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  • Amendments to sentencing law have passed and are scheduled to commence in late September 2018. The Crimes (Sentencing Procedure) Amendment (Sentencing Options) Act 2017 makes sweeping changes to non-custodial sentences.
  • The new legislation applies to all unsentenced matters, whenever committed, and regardless of when the plea is entered or verdict delivered. The legislation also converts all existing bonds into the new bonds, so the time to learn about the changes is now.
  • It remains to be seen whether this wholesale conversion of existing court orders is valid – especially if an offender is shown to be worse off after the change.

Amendments to sentencing law have passed and are scheduled to commence in late September 2018. The Crimes (Sentencing Procedure) Amendment (Sentencing Options) Act 2017 makes sweeping changes to non-custodial sentences. The changes apply to every matter that is not yet finalised, so if you have a client who will be sentenced after the amendments, the new regime will apply to them even if they were charged before the legislation is proclaimed, and even if they’ve already pleaded guilty. In fact, if you have a client who is already on a bond on the day the legislation is proclaimed, some of the changes will apply to them, too, so the time to learn about the changes is now.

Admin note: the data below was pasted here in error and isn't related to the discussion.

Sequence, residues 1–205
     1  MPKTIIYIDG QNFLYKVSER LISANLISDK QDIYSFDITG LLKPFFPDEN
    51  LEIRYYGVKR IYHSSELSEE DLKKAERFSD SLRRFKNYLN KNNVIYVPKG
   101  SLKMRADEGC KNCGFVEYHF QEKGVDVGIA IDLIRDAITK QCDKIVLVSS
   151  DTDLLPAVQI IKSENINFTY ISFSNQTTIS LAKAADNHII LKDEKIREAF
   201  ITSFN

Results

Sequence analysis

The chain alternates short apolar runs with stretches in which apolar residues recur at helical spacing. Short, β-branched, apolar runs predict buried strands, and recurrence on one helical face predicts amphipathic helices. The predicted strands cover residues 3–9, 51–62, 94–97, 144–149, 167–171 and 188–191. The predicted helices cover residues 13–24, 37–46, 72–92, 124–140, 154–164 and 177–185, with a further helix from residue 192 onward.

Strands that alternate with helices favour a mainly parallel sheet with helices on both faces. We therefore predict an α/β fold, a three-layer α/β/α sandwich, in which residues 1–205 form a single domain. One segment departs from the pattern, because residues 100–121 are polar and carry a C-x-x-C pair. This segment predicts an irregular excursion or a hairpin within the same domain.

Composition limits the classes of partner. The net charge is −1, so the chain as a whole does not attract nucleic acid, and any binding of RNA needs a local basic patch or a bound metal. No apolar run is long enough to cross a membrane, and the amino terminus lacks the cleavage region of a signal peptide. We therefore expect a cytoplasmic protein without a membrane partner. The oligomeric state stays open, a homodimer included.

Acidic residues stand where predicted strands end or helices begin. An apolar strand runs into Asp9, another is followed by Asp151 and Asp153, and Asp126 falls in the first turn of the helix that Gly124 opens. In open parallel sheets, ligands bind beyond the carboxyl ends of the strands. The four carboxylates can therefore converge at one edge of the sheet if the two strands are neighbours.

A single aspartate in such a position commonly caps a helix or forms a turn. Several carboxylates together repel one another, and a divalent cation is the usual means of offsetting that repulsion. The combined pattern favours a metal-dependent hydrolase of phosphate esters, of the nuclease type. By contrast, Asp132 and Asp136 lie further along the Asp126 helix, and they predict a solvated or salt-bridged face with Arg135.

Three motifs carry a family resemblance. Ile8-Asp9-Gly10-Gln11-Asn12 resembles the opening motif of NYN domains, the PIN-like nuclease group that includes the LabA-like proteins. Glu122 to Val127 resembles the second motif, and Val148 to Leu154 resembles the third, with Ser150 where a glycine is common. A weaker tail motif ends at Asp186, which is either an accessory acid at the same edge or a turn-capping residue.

The changes to sentencing, like the rest of the criminal justice reforms in recent times, have been described by Government as being both tough on crime and strong on rehabilitation. The result, you might think, is mixed: giving with one hand, but taking with the other. Depending on the offender, they may be in a much better position than previously: for example, offenders who previously would have been found unsuitable for an Intensive Correction Order (‘ICO’) because they couldn’t do Community Service, might now be suitable, or they may be in a much worse position: particularly, offenders who would have received a non-custodial outcome before, but now find themselves ineligible for an ICO because of their offence type, and are now without a Suspended Sentence to fall back onto.

One note of caution: this article is complicated by changes which are in the pipeline, but which are not subject to public consultation (that is, the legislation has passed, has not yet commenced, but may yet be the subject of amendment before commencement). This article attempts to sidestep those issues. It should be taken to be the law at the time of writing, not at the time the legislation commences.

 Unless otherwise stated, all references in this article are to the Crimes (Sentencing Procedure) Act 1999 (NSW), as it will appear once amended.

Introduction to the scheme

The changes in overview

  1. Fines, s 10(1)(a) orders, and s 10A ‘conviction-only’ orders remain unchanged;
  2. The following sentencing options are abolished in their current form:
    a. Section 10(1)(b) bonds;
    b. Section 9 bonds;